Medicare provides health insurance for 98 percent of Americans aged 65 and over.
Who lacked/lacks health insurance before/since the Affordable Care Act (ACA)?
Group Before ACA Today Difference.
All Americans under 65 16.4 percent 11.3 percent -31 percent.
Hispanic-Mexicans 26.2 percent 16.5 percent -37 percent
Blacks 24.1 percent 16.1 percent -33 percent.
Whites 14.1 percent 10.0 percent -29 percent
Asians 13.6 percent 9.7 percent -29 percent
Aged between 18 and 34, 21.6 percent 14.2 percent -34 percent
Aged 35 to 44 16.4 percent 11.2 percent -32 percent
Aged 45 to 54 15.0 percent 10.6 percent -29 percent
Aged 55 to 64 12.7 percent. 9.1 percent -28 percent
Poorest 20 percent of neighborhoods 26.4 percent 17.5 percent -36 percent
Next poorest 20 percent 21.6 percent 14.3 percent -34 percent
Middle 20 percent, 17.6 percent 11.9 percent -33 percent
Next highest 20 percent 13.4 percent 9.4 percent -30 percent
Richest 20 percent 6.5 percent 6.5 percent ————–
Overall and within almost all groups, the ACA has reduced the uninsured by about one-third. Still, two-thirds of those who were uninsured before the ACA remain uninsured today.
Why hasn’t a plan intended to provide almost all Americans with health insurance come anywhere near to achieving that goal? In large measure, the failures of this part of the ACA go back to its design. The ACA originally sought to coerce the states into expanding Medicaid to cover many of those who are uninsured today. In 2012, the Supreme Court rejected that component of the plan. States were left free to expand or not expand Medicaid. So far, twenty-seven states have chosen to expand Medicaid, while twenty-three have rejected it.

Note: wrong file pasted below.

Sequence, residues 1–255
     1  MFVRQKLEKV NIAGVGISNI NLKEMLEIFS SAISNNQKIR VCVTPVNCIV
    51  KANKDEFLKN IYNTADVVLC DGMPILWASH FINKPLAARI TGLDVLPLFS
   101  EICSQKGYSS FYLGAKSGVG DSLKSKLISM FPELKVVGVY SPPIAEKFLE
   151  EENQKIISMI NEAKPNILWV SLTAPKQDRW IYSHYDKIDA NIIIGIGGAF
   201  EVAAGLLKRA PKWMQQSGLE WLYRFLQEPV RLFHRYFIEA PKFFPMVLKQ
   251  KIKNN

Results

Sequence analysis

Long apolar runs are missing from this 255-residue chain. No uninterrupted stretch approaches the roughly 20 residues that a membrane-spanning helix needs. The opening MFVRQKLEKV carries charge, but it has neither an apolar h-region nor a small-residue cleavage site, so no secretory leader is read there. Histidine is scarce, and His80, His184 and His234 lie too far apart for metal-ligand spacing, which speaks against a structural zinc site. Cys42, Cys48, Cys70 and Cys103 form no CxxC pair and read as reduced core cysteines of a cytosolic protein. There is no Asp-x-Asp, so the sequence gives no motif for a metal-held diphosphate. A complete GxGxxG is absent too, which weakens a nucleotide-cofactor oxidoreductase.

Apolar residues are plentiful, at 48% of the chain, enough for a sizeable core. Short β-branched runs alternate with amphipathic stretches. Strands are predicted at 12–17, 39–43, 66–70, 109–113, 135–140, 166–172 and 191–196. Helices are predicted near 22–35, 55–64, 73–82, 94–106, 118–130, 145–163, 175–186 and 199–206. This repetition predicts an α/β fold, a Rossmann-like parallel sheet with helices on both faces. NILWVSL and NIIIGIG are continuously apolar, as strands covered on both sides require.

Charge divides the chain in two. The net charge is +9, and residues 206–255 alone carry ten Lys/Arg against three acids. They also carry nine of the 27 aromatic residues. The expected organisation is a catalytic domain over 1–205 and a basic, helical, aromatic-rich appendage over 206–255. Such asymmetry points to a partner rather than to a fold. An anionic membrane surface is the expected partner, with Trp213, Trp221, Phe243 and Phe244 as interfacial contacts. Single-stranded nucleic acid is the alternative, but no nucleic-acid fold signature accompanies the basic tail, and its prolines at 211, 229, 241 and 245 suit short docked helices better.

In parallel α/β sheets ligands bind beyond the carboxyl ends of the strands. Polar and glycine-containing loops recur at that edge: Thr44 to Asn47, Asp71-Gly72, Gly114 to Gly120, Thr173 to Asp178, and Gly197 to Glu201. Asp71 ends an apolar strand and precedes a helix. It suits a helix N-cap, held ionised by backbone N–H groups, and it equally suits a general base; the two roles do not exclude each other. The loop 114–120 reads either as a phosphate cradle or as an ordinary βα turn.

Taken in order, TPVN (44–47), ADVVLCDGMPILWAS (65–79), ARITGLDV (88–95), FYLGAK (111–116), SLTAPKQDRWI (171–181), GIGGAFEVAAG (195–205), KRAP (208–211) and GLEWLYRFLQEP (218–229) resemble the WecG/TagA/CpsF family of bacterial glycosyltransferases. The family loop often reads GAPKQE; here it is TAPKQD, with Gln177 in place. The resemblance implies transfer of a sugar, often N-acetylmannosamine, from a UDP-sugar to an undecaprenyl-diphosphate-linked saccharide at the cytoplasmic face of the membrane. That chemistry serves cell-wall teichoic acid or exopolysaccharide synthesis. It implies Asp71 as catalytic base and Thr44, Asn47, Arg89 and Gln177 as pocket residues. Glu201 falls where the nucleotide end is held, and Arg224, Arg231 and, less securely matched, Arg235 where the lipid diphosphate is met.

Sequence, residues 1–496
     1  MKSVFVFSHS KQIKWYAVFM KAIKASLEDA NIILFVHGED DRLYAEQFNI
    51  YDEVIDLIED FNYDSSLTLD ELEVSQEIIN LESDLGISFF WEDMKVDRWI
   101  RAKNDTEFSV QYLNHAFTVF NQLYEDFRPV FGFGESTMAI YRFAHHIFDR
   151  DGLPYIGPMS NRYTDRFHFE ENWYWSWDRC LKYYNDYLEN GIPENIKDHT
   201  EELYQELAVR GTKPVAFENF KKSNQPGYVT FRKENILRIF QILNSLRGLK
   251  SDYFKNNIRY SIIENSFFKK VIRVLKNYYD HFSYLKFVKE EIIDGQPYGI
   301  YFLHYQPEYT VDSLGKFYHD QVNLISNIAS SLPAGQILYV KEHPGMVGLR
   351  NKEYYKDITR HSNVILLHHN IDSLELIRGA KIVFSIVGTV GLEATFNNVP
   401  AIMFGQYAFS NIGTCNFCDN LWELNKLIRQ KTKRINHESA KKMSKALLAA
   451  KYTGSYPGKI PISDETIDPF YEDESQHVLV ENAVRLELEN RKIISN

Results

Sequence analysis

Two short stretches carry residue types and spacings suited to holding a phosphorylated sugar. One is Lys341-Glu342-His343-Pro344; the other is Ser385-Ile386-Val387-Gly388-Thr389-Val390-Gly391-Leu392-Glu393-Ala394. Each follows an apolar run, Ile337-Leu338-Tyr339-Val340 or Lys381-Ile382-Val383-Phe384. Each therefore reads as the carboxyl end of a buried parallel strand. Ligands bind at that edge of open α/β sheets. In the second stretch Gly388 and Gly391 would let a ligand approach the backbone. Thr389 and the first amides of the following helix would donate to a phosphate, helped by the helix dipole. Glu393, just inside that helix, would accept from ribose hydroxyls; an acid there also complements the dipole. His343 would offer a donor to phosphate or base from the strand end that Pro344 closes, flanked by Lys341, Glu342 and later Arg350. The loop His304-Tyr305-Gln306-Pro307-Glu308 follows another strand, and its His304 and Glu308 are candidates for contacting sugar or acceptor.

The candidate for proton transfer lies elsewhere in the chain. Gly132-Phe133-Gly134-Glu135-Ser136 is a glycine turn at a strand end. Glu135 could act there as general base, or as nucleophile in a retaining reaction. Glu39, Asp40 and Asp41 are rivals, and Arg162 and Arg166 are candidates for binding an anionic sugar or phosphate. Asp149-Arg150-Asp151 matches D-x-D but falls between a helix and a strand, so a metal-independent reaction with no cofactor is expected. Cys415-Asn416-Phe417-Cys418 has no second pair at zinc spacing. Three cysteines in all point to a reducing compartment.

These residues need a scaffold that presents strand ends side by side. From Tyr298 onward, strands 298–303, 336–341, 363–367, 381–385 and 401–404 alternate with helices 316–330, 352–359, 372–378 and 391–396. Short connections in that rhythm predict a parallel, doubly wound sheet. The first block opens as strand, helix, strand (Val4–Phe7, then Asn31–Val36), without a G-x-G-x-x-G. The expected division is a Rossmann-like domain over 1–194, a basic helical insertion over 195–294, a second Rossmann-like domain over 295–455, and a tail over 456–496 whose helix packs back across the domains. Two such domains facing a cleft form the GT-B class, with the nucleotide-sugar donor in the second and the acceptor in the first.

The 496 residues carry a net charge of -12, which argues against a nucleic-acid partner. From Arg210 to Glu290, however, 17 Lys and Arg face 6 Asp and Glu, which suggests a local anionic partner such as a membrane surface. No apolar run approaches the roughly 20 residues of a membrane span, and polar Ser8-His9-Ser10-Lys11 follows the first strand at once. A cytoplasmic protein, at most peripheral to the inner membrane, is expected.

Why did many states reject Medicaid expansion? One answer would be Republican wrecking tactics directed against the center-piece of President Obama’s agenda. However, not all Republican-led states rejected expansion and not all Democratic-led states accepted it.
It is possible that rational calculation played a role. The states that rejected expansion had an average uninsured rate of 18.2 percent before the ACA, while those that accepted expansion had an average uninsured rate of 14.9 percent. Federal subsidies for expanded Medicaid are scheduled to be reduced in a few years. States will have to increase their share of the expanded costs. Many of the states that rejected Medicaid expansion pursue a low-tax strategy to attract business. Other parts of the ACA were not completely thought through. Perhaps the failure to make the complete Federal subsidy permanent is another such “glitch.” It will take a Democratic House, Senate, and White House to fix it.
Even in states that expanded Medicare, 9.2 percent of people remain without insurance. Why? Ignorance? A libertarian resistance to coercive good intentions? Most Republicans have an ideological opposition to an “entitlement” that was forced on them by Democrats. Unlike post-war Europe, there is no consensus on this issue.
Kevin Quealy and Margot Sanger-Katz, “Obama’s Health Law: Who Was Helped Most,” NYT, 29 October 2014.
 Understates the gain because it doesn’t include the three million people who are allowed to remain on parents’ insurance.